ST. LOUIS (AP) - The Missouri Supreme Court's decision to move ahead with two executions this year is being questioned by some death penalty observers and opponents.
The state High Court on Wednesday set execution dates for condemned killers Allen Nicklasson and Joseph Franklin.
Missouri plans to become the first-ever state to use the anesthetic propofol for lethal injection. Propofol was used in the death of pop star Michael Jackson.
States are scrambling because makers of drugs previously used in executions now prohibit their use.
Executions have been on hold in Missouri since the court declined last August to set dates for six inmates.
Missouri Attorney General Chris Koster applauded the court's decision. But Death Penalty Information Center executive director Richard Dieter says using propofol will essentially be "an experiment with a human subject."
It is National Check the Chip Day. That's not chocolate chips or potato chips. It's microchips!
Those little silicon chips implanted in pets greatly increase the chance of finding your furry friend if it's lost or stolen. But a microchip only works if it's registration information is accurate.
Call in the Humane Society of Missouri and their Animal Medical Center of Mid-America. They are offering free chip checks for you pet and a discount on having a chip inserted. Microchips usually cost $42 but through Saturday, you pay only $25.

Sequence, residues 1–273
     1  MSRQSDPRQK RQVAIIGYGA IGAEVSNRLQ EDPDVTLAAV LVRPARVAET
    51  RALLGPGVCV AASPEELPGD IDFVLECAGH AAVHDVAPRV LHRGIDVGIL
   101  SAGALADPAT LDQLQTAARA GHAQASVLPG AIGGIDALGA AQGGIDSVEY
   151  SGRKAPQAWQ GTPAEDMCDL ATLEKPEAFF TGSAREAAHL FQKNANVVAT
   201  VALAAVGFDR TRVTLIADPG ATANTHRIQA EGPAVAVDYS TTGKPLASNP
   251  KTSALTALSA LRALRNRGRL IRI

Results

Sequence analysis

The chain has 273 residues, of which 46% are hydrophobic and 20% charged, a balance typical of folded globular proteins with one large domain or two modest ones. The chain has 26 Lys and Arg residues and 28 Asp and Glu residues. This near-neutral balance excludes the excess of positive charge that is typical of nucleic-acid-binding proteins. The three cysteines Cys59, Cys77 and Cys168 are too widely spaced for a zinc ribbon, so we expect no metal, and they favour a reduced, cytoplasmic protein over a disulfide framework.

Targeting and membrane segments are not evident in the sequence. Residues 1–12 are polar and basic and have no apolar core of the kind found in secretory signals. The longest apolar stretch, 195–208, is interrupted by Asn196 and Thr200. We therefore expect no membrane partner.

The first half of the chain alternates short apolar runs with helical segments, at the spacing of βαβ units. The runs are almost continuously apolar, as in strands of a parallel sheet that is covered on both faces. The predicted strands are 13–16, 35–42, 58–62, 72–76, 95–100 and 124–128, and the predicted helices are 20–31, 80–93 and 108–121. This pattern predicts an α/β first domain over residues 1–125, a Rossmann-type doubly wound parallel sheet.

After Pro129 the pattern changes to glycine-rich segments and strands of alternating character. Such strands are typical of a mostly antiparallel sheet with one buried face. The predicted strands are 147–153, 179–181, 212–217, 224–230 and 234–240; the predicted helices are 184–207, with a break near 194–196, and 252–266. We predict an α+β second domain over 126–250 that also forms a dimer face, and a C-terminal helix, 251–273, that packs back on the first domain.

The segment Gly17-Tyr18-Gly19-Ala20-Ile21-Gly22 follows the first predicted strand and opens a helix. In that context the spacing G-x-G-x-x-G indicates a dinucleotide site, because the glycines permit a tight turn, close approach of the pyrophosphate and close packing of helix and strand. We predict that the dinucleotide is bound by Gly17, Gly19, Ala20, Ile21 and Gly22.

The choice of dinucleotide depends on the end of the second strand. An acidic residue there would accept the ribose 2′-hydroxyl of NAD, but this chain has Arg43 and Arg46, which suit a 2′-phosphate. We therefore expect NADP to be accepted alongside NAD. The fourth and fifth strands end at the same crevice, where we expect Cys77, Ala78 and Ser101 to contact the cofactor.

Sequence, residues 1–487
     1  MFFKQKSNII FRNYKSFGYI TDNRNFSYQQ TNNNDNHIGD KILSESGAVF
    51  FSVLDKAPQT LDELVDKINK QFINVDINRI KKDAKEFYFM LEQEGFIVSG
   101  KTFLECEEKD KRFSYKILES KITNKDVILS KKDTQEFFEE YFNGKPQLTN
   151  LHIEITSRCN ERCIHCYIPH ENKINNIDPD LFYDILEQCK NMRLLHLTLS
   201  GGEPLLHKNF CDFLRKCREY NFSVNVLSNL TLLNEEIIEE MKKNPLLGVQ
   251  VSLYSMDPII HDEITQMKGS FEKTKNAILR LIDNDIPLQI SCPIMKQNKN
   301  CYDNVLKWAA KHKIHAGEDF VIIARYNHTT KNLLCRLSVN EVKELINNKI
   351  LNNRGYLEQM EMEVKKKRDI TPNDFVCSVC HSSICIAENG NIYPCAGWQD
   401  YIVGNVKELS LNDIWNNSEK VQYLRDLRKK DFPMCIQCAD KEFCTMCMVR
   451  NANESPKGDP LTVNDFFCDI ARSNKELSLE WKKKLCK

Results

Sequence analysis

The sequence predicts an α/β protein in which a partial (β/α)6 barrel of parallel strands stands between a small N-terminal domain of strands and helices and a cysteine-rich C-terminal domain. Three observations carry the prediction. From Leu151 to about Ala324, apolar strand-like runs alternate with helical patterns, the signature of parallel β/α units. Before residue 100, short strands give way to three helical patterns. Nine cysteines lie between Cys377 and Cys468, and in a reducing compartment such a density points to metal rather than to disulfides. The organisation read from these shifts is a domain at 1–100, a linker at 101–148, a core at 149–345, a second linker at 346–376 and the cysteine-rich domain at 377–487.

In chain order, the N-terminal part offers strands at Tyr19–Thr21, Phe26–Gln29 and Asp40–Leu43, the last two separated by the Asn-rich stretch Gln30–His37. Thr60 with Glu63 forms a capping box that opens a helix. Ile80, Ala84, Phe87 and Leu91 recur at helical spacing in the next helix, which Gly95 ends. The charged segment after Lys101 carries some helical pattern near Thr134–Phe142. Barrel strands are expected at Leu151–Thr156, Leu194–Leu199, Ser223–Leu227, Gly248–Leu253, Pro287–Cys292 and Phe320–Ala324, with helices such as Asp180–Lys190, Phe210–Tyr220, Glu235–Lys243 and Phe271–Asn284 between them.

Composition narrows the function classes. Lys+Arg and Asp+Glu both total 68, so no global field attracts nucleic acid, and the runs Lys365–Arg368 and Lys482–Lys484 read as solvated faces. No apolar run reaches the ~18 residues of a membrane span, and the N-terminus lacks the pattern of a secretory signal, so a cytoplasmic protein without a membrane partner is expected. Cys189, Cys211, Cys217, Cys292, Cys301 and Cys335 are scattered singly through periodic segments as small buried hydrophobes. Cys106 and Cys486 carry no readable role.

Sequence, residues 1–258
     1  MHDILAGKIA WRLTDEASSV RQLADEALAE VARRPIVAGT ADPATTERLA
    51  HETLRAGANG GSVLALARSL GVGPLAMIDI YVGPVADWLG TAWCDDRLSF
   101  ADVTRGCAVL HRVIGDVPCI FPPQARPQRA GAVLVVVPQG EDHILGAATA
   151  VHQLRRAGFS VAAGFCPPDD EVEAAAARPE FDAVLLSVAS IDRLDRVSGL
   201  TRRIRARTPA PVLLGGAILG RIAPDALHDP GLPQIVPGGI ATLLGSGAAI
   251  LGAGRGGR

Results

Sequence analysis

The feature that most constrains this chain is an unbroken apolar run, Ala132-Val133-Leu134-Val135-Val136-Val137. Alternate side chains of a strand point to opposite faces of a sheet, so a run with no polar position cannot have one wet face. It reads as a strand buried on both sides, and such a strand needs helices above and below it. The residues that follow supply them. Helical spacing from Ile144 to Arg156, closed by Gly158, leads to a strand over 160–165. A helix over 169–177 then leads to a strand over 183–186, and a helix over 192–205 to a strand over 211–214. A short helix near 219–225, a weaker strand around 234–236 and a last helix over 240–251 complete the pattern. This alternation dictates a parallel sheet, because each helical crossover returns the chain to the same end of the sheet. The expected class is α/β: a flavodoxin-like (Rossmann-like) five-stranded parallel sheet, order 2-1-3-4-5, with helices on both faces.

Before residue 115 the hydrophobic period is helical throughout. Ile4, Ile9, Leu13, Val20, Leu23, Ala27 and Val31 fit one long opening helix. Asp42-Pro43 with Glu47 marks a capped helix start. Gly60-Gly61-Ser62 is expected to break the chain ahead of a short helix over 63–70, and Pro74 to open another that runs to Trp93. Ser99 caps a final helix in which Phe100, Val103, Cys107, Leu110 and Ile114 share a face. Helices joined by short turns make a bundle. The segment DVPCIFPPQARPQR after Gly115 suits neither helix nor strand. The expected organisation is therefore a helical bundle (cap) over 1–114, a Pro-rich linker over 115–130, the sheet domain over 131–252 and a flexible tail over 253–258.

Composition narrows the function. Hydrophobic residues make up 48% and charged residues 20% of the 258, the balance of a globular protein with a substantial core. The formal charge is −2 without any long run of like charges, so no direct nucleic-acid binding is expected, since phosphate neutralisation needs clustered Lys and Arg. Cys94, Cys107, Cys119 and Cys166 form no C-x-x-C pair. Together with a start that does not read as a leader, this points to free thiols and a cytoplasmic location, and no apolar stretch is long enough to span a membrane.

The Humane Society asks that you make an appointment for that, but if you just want a check of an existing chip they offer free walk-in visits. For more information call 314-951-1534.
As first In a letter leaked to KTRS News, St. Louis County Police Chief Tim Fitch is telling County Executive Charlie Dooley to back off his investigation into the contract award process.
In today's letter, Fitch accuses county COO Gatry Earles of requesting information from the police that had been shared with the FBI. Fitch says this request for confidential information is "at the very least unethical and unprofessional". Fitch ends the letter by asking Dooley to instruct his staff to not have contact with employees regarding this matter.
The issue came to light after the Post-Dispatch revealed that one of Dooley's political appointees, Gregory Sansone, created a company that won the lucrative contract shortly after his appointment. Chief Fitch contacted the FBI to investigate the matter. Dooley was frustrated that Fitch involved the FBI in the matter before giving his office a chance to investigate.